Kevin Di Camillo writes regularly for The National Catholic Register and is a Lecturer in English Literature at Niagara University. His latest book is Now Chiefly Poetical, and with Rev. Lawrence Boadt he edited John Paul II in the Holy Land: In His Own Words. His work has been anthologized in Wild Dreams: The Best of Italian-Americana, and he was awarded the Foley Poetry Prize from America Magazine. A graduate of the University of Notre Dame, he regularly attends Yale University’s School of Management Publishing Course.
We all have our favorite prayers, novenas, devotions and aspirations.
One of mine is a prayer that seems to have fallen out of popular use lately: the ancient “Te Deum”, commonly attributed to St. Ambrose, Bishop of Milan, Doctor of the Church and the man who baptized St. Augustine. However, the authorship of this venerable hymn of praise has never been firmly nailed down and Nicetas of Remesiana has been put forward as a possible composer too. More recently an argument that the Te Deum is part of an ancient Easter Vigil hymn has been proposed.
The Te Deum (whose name is simply the first two words of the prayer itself, not unlike the title of a papal document) is unique in that it is indeed a permanent part of the Divine Office: it is said at the end of Matins/Vigils/Office of Readings after the final reading and before the closing prayer on Sundays and Holy Days. (According to the 1962 rubrics it is said every single day, outside of the penitential seasons of Lent and Advent.) The Divine Office may be a private prayer — and the Office of Readings may be recited at any hour of the day per the Vatican II rubrics — but for consecrated religious it is generally say in common in the middle of the night. So night owls who visit a monastery or abbey may hear it intoned—beautifully—together.
Another peculiar part of the Te Deum—and the entire prayer is reprinted below—is that part of it is repeated verbatim during Holy Mass (namely during the Sanctus):
Holy, holy, holy, Lord, God of power and might
Heaven and earth are full of your glory
And the final part of the Te Deum is a nod (or better, a kneel) to the Credo in that the lines are supposed to be said on your knees:
V: Save your people, Lord, and bless your inheritance.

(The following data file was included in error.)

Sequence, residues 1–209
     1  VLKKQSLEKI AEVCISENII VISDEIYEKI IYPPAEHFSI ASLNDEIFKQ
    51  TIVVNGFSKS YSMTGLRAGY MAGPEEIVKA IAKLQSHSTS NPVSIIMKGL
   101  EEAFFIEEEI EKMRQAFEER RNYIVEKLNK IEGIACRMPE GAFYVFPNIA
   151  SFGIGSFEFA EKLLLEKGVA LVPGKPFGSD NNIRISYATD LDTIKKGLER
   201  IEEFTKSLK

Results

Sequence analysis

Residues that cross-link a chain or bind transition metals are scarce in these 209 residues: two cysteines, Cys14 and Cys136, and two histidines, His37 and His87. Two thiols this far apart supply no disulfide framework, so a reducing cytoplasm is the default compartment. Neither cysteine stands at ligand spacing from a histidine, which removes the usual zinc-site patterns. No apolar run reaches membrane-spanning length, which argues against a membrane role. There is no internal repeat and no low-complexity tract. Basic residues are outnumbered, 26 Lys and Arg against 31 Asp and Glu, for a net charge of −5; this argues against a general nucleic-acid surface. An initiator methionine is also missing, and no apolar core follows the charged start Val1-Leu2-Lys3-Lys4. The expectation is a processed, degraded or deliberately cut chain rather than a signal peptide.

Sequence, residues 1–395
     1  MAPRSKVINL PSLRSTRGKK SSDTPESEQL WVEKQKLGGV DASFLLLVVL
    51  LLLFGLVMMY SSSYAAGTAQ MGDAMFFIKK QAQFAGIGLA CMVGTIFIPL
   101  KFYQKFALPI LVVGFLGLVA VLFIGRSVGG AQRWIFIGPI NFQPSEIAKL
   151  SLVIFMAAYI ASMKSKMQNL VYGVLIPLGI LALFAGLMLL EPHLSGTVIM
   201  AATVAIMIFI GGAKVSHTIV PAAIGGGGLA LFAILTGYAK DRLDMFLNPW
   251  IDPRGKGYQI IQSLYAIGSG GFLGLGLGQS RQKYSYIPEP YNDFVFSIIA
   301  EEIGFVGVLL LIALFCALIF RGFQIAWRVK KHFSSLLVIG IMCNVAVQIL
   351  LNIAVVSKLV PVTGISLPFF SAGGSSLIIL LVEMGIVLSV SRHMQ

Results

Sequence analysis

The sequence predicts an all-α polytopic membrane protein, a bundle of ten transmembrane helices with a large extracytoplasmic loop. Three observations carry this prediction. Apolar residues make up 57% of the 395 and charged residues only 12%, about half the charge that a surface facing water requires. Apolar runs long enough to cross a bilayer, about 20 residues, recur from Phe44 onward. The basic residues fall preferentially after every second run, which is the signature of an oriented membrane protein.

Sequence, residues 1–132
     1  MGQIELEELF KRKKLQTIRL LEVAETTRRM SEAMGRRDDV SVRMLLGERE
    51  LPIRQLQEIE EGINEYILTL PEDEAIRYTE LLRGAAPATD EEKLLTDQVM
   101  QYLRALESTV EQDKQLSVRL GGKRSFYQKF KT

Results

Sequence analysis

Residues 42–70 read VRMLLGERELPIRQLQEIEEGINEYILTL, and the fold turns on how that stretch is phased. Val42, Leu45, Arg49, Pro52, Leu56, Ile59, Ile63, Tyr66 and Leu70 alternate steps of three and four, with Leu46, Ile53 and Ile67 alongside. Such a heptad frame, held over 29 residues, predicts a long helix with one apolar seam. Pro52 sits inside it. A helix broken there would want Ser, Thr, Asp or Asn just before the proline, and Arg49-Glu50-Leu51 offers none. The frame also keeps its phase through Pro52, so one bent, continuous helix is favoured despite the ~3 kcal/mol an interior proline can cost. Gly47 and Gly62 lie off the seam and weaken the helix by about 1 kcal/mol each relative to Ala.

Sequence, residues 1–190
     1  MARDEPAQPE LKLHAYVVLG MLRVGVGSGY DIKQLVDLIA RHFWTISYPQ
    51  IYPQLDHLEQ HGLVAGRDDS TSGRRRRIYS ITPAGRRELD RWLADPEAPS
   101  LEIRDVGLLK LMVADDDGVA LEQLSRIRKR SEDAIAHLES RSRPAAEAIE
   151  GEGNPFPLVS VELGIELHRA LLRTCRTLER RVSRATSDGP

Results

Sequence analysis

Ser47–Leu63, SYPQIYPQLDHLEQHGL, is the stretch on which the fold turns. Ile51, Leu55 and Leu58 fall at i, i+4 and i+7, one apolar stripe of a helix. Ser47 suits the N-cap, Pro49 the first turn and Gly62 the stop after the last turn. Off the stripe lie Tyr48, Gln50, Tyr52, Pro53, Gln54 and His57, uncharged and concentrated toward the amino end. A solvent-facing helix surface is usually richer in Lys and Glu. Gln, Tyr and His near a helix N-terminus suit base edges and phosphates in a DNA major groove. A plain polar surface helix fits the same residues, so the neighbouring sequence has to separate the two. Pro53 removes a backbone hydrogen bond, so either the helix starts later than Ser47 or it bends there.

R: Govern and uphold them now and always
V: Day by day we bless you.
R: We praise your name forever.
V: Keep us today, Lord, from all sin.
R: Have mercy on us, Lord have Mercy
V: Lord, show us your Love and Mercy
R: for we put our trust in you.
V: In you, Lord, is our hope:
R: and we shall never hope in vain.
And it is an obvious invocation to the Kyrie of the Mass in the line, “Lord Have Mercy”, above.
Strangely, the post-Vatican II version allows for the omission of those final ten lines, though what is possibly gained by that omission is a mystery to me.
Thus, the Te Deum is a prayer steeped in the Mass, and includes the only intact Hebrew word (“Saboath”) kept in the Latin. The whole is a prayer of praise, obviously.
But when was the last time you actually heard this prayer used?
Technically, the Te Deum may be said (or better yet, sung) at the end of Mass or the canonization of saint, or in a public procession of a saint’s relics. But for the life of me I can’t remember when the outro to Mass wasn’t “Holy God, We Praise Thy Name” or “City of God”.
The Te Deum is, in essence, a very ancient liturgical poem, and like many poems it has been put to music very effectively by some of the greatest composers, from Mozart and Verdi to Dvorak and Benjamin Britten.
And while Te Deum may be inextricably tied to the Divine Office, there’s no rule that says you can’t (or shouldn’t) pray or learn the prayer as a stand-alone oration. Indeed, one could do worse than pray in these words which are worth reprinting in toto:
You are God, we praise you:
You are the Lord: we acclaim you;
You are the eternal Father:
All creation worships you.
To you all angels, all the powers of heaven,
Cherubim and Seraphim, sing in endless praise:
Holy, holy, holy, Lord God of power and might,
Heaven and earth are full of your glory.
The glorious company of apostles praise you.
The noble fellowship of prophets praise you.
The white-robed army of martyrs praise you.
Throughout the world, the holy Church acclaims you:
Father of majesty unbounded,
Your true and only Son, worthy of all worship,
And the Holy Spirit, advocate and guide.
You, Christ, are the King of Glory
The eternal Son of the Father.
When you became man to set us free,
You did not spurn the Virgin’s womb.
You overcame the sting of death,
And opened the kingdom of heaven to all believers.
You are seated at God’s right hand in glory.
We believe that you will come and be our judge.
Come then, Lord, and help your people,
Bought with the price of your own blood,
And bring us with your saints to glory everlasting.
Save your people, Lord, and bless your inheritance.
Govern and uphold them now and always
Day by day we bless you.
We praise your name forever.
Keep us today, Lord, from all sin.
Have mercy on us, Lord have Mercy
Lord, show us your Love and Mercy
for we put our trust in you.
In you, Lord, is our hope:
and we shall never hope in vain.
“And we shall never hope in vain.” As I mentioned above, we all have favorite prayers and the Te Deum is one of mine. If asked why, I’d say that generally speaking, I love poetry and the Te Deum is a poem. But specifically I like that final reminder in the last line: “We shall never hope in vain.” Amen.